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Oct 11, 2012

Economic Indicators pumps out fuel prices

It would be logical that if oil prices are going down, the price of fuel should follow suit, but that’s not the case. In fact, of late, it is the opposite. Tonight we look at historical data of the world price per barrel of West Texas Crude; fuel acquisition costs and pump prices for the period January 2000 to August 2012 to explain why when the price of oil falls, the price of fuel at the pump remains high. In this segment, we will focus on government taxes which add up to almost thirty-four percent of the pump price. In recent scenarios in 2012, the data shows that when the price of oil decreased, the government share of taxes went up. Simply put:  Downward oil prices present the ideal opportunity to sustain higher profit margins. It compensates for the times when oil prices are high and hence profit margins are low.  And for a cash-strapped government, it is revenue desperately needed.


After the last surge in the price of crude above US one hundred dollars in March to May 2011 and February to May 2012, the price of crude has been fluctuating below a hundred US dollars, but the price at the pump in Belize has been steadily rising with each shipment.  In another instance, on October seventh, 2012 the price per barrel of crude was at US eighty-nine dollars, while the pump price for premium fuel was just above thirteen Belize dollars.  The analysis shows that there is a huge difference between the world crude price in relation to the pump price. In another scenario, a large spike in pump price is recorded between July 2012, but the price of crude did not significantly increase.


Now let us look at the difference between landed costs in relation to price at the pump for 2012. This other huge difference shown by the high prices at the pump reflects additional charges on the imported fuel namely: GOB Taxes and the total commercial charges.  This includes direct taxes levied on imported fuel that includes GST since 2012.  Again, the analysis shows a large difference between the landed cost for premium fuel and pump price in Belize.  The data also shows that clear landed costs decreased whereas the prices at the pump significantly increased. Overall, the large portion of government taxes imposed on imported fuel is huge and Government is raking in the added value at the pump as revenue rather than passing it on to consumers.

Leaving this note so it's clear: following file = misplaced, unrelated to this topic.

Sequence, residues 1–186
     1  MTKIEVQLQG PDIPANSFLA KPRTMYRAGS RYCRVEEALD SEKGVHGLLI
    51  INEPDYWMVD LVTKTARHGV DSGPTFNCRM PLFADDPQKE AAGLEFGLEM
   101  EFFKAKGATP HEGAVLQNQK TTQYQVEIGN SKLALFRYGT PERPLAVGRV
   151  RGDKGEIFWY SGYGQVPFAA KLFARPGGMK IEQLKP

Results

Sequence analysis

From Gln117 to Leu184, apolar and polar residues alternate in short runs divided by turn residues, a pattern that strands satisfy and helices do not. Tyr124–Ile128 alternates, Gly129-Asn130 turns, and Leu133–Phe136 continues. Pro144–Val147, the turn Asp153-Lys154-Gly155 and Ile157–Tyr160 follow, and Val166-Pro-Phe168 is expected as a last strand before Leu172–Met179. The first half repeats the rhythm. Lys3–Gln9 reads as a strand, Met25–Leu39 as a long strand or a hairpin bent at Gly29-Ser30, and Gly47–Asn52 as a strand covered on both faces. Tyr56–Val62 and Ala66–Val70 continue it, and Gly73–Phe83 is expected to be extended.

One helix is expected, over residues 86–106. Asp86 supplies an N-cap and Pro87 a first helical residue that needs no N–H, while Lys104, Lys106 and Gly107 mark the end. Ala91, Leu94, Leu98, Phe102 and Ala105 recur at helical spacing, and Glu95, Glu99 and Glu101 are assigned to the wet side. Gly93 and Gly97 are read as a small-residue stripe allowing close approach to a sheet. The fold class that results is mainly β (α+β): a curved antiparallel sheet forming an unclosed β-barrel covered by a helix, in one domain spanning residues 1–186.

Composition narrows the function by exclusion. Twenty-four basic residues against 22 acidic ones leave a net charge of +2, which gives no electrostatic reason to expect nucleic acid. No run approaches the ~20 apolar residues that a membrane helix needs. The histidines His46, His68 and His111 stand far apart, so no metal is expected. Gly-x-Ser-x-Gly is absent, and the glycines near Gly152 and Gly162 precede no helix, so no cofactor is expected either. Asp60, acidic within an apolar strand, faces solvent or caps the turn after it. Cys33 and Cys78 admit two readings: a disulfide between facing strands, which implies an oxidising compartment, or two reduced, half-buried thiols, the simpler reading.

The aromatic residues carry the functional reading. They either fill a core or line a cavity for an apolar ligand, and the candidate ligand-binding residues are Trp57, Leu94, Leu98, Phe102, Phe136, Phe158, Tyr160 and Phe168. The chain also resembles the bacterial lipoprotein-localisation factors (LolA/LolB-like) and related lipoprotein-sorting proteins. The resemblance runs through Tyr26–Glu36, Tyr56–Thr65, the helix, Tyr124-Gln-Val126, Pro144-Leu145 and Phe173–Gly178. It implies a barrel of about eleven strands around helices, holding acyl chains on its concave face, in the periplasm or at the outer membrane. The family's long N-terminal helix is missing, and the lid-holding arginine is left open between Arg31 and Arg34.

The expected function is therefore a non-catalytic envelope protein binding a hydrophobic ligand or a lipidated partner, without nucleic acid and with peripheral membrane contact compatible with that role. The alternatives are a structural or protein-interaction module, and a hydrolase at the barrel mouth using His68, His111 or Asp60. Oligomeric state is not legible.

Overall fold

Viewers please note: This Internet newscast is a verbatim transcript of our evening television newscast. Where speakers use Kriol, we attempt to faithfully reproduce the quotes using a standard spelling system.

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2 Responses for “Economic Indicators pumps out fuel prices”

  1. Ricky Malthus says:

    Everyone knows about the oil scam Dean Barrow has in operation. One barrel for BNE, two barrels for Dean, zero barrels for Belizeans. What a way to govern a country. We have monitored and continue to monitor the illegal government movement across the border to Guatemala, the port at Independence, and internally. As soon as we complete our clandestine operations for benefit of Belizeans , we will let Belizeans know. But one thing is clear, you are being ripped off, fellow Belizeans.

  2. Bear says:

    With GST on oil, a percentage of total sales, that means that the higher the pump price, the more GST collected per gallon. Everything conspires against the Belizean driver!

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